Grow. Eat. Live.

Grow.  Eat.  Live.
Grow. Eat. Live.


Wednesday, March 6, 2013


"Cilantro Watercress Pesto"

Raw Pesto
     Weird combo, huh?  Nope, a good one.  Better yet, a powerful combo- two herbs that has a strong flavor and a power punch body healer.  Ever since two summers ago when I grew my first basil plant I became fascinated on the basil herb and the ways of incorporating it in my foods.  Pesto is my favorite way I like using the herb (raw & fresh).  Unfortunately, basil is not the superstar in this posting but will be in future.


I am not flat parsley!

Also known as Coriander.  It is considered either a herb or spice since its leaves and seeds are used as a seasoning condiment.  Derived from the Greek word, koris, meaning bug.  Cilantro commonly used in Asian, Indian, and Mexican cuisines.  Cilantro is referred to the plant stage life and coriander is referred to the seeds when the plant develops flowers and seeds.  In this recipe I'm using the stems and leaves.  Cilantro sometimes gets confused with parsley but the difference is the smell.
Some parts of the world, such as, Europe, coriander has been referred to as an "anti-diabetic" plant, India, uses it for "anti-inflammatory" properties, and the United States has recently studied the herb for its "cholesterol lowering effects."

  • Control blood sugar levels
  • Control cholesterol levels
  • Reduce free radical production
  • Fight against Salmonella 
  • Aid to help digestion
  • Maintain healthy eyes *(1-2 tsp. of cilantro juice taken daily)
  • Detoxification - eliminates heavy metal toxins in tissues and cells
  • Calcium
  • Fiber
The volatile oils found in the leaves (cilantro) has antimicrobial properties and rich in phytonutrients, carvone, geraniol, limonene, borneol, camphor, elemol, and linalool.  Coriander/Cilantro's flavonoids are quercitin, kaemferol, rhamnetin, and epigenin.  Its active compounds are caffeic and chlorogenic acid.


Eating it raw and fresh is the best!

A cress, Nasturtium Officinale, belonging to the cruciferous and mustard vegetable family.  Some regions consider it a herb or vegetable.  Watercress originated from eastern Mediterranean and some areas of Asia.  The Greeks believed watercress was beneficial to the brain.  Watercress has a pungent, peppery, and slightly bitter flavor.  It grows perennially and flourishes in clear streaming cold water.  Watercress is known to be a "super anti-cancer food" that contains phytonutrients known to boost the body's defenses against cancer.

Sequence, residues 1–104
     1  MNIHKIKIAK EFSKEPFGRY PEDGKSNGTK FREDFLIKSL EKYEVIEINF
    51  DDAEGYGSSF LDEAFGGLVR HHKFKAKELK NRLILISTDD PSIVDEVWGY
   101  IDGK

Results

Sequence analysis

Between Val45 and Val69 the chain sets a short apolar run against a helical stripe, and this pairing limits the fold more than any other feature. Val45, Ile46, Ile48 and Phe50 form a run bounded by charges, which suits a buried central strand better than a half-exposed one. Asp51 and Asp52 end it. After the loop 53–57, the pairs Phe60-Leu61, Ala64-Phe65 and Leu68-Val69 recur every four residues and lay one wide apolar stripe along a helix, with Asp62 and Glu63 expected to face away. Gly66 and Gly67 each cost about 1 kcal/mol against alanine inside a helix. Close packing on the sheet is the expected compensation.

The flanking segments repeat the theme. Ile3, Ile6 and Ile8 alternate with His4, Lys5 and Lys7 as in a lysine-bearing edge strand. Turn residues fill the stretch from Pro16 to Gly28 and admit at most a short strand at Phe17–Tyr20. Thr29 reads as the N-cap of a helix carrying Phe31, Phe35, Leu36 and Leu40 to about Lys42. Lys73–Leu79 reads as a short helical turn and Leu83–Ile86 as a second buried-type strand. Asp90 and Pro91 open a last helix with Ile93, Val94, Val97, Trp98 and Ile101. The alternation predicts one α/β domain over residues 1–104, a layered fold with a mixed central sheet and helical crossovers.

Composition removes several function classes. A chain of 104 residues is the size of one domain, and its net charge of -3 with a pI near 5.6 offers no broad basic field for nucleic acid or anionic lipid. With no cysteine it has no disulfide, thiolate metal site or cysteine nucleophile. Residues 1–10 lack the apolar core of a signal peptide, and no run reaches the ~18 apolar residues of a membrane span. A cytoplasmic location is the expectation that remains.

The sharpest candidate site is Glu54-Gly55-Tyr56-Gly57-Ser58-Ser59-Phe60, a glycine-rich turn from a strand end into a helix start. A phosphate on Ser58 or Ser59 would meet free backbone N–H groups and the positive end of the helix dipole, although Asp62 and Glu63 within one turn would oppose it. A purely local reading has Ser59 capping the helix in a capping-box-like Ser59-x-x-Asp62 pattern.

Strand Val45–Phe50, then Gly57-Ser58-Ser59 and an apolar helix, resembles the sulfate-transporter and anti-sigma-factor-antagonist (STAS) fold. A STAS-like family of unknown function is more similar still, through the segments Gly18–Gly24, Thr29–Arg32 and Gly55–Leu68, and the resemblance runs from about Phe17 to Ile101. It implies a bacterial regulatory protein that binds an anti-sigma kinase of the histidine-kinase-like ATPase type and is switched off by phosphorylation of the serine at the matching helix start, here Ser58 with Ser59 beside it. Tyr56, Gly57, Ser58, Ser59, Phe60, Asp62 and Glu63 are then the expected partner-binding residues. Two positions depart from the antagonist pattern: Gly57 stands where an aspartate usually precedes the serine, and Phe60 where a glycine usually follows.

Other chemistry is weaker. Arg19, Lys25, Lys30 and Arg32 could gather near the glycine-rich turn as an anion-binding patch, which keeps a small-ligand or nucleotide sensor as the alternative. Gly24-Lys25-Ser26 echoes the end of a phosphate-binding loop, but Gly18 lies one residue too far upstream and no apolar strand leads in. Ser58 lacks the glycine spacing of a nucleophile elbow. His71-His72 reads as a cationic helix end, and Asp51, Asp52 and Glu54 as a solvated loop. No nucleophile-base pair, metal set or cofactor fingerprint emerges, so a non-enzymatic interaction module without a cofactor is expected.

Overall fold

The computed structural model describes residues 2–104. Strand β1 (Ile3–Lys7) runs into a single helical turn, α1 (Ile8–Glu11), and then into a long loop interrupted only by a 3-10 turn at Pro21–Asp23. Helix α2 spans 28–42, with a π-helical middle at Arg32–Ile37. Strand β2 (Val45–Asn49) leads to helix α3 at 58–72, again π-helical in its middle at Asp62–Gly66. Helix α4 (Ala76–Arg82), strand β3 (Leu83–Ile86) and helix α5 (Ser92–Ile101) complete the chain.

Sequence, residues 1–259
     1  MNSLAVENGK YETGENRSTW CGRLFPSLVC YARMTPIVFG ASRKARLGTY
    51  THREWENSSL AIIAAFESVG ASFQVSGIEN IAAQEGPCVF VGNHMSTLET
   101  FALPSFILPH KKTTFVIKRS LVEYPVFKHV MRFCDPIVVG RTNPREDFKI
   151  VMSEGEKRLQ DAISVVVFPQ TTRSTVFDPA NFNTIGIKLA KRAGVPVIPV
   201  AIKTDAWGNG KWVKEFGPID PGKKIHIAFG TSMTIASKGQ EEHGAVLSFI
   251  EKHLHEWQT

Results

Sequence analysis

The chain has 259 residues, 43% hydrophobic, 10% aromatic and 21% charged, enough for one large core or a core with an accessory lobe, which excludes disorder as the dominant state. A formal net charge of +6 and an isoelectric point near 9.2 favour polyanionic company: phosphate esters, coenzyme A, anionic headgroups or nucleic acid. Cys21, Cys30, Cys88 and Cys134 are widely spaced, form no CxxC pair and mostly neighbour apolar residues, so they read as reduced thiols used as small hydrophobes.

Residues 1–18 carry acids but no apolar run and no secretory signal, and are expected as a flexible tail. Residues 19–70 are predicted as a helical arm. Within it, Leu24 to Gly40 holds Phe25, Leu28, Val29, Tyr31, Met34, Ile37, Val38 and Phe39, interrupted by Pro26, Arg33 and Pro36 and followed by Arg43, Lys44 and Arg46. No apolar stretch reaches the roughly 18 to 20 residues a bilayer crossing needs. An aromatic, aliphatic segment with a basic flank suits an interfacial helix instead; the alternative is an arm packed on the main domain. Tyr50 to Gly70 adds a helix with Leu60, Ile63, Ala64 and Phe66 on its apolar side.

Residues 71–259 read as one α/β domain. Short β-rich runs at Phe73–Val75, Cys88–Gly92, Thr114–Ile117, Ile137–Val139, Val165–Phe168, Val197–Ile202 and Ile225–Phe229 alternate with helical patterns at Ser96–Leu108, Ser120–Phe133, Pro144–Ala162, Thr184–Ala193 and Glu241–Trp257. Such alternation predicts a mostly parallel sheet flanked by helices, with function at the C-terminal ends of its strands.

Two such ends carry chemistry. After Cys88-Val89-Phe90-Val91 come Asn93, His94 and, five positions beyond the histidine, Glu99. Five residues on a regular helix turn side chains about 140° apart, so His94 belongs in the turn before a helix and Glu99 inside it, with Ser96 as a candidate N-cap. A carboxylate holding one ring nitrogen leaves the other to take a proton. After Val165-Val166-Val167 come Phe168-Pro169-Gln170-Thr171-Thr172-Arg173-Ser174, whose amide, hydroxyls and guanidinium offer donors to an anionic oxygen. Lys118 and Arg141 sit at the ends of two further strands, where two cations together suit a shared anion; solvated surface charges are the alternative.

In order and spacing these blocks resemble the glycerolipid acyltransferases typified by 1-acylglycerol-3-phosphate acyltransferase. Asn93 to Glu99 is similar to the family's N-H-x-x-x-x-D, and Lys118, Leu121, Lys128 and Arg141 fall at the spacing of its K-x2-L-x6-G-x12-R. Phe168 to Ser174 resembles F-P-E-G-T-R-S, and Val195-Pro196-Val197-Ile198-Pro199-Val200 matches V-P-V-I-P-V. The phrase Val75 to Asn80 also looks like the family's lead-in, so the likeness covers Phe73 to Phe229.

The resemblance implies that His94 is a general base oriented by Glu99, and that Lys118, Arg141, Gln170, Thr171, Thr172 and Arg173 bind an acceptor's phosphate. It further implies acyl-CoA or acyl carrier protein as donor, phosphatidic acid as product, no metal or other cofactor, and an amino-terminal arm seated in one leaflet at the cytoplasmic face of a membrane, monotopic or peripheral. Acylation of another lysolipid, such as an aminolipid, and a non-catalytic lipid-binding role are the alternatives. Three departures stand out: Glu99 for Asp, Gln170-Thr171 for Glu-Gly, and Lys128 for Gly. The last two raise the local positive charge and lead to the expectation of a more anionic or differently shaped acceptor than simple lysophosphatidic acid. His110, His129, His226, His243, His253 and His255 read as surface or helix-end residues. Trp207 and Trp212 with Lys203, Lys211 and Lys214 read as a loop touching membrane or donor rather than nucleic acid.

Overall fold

*Note:  Please be aware there are different cress.  Some stores may carry Watercress or Upland cress.  Upland cress is similar to Watercress.
Upland Cress

  • Contains gluconasturtiin (a glucosinolate compound that gives it the pepper flavor)
  • Vitamin  C (ascorbic acid)
  • Vitamin K
  • Vitamin A
  • Antioxidants - B carotene, lutein, and zea-xanthin
  • Vitamin B complex
  • Copper
  • Calcium
  • Potassium
  • Magnesium
  • Manganese
  • Phosphorus
  • Detoxification - dispose excess estrogen
  • Iron

Watercress in the diet can help prevent osteoporosis, anemia, Vitamin A deficiency, protect against cardiovascular diseases, colon, and prostate cancers.  According to The American Journal of Clinical Nutrition "Watercress supplementation in the diet reduces lymphocyte DNA damage and alters blood antioxidant status in healthy adults."  For a more detail research report done by AJCN click here
The simplest recipe

"Cilantro Watercress Pesto"

Less than 10 ingredients
  • 1 small bunch of fresh watercress
  • 1 small bunch of fresh organic cilantro
  • 2 cloves of garlic
  • 1 cup of raw pumpkin seeds (Pepita)
  • 1/2 fresh lemon
  • 1/2 teaspoon of sea salt or pink Himalayan salt (just a pinch)
  • 1/4 (2 ounces)  extra virgin olive oil
  • 1/2 cup of Parmesan cheese or Parmigiano-Reggiano cheese
       Blender or food processor

Ready to blend

  1. Thoroughly wash watercress and cilantro.  Soak in a bowl of water so dirt or sand can sink into the bottom. Drain and rinse.
  2. Remove any yellow leaves.
  3. Combine the watercress and cilantro including stems, garlic, pumpkin seeds, cheese, and salt in blender or food processor.
  4. Pour extra virgin olive oil.
  5. Remove the seeds from the lemon and squeeze out the juice.
  6. Pulse until nice and smooth.  If you notice the ingredients is having a hard time blending, then add a little more oil in the chute.  * Eye ball the oil when pouring it in.

No need for heating!

Try to scrape all the pesto inside

Tips:  Lemon or Lime or half of a vitamin C (crushed) keeps the pesto bright green and fresh.  Can last in fridge for a week or you can freeze leftovers.  Always eye ball the amount of oil or you can add a tomato (this helps the other ingredients move better in the blender or food processor).  You can always substitute any ingredients to your preference.  For instance, I used pumpkin seeds because hubby is allergic to nuts.  A food processor would make it easy to remove the pesto without leaving any behind.

***The pesto is excellent on pasta, bread, crackers, quinoa, fish, meats, and homemade pizza!  I love it on Tandoori Naan flat bread.

Making pesto is a great way for you to "hide" all the good healthy foods for those PICKY EATERS!

A great alternative for the tomato sauce that causes acid reflux flare ups in some people.

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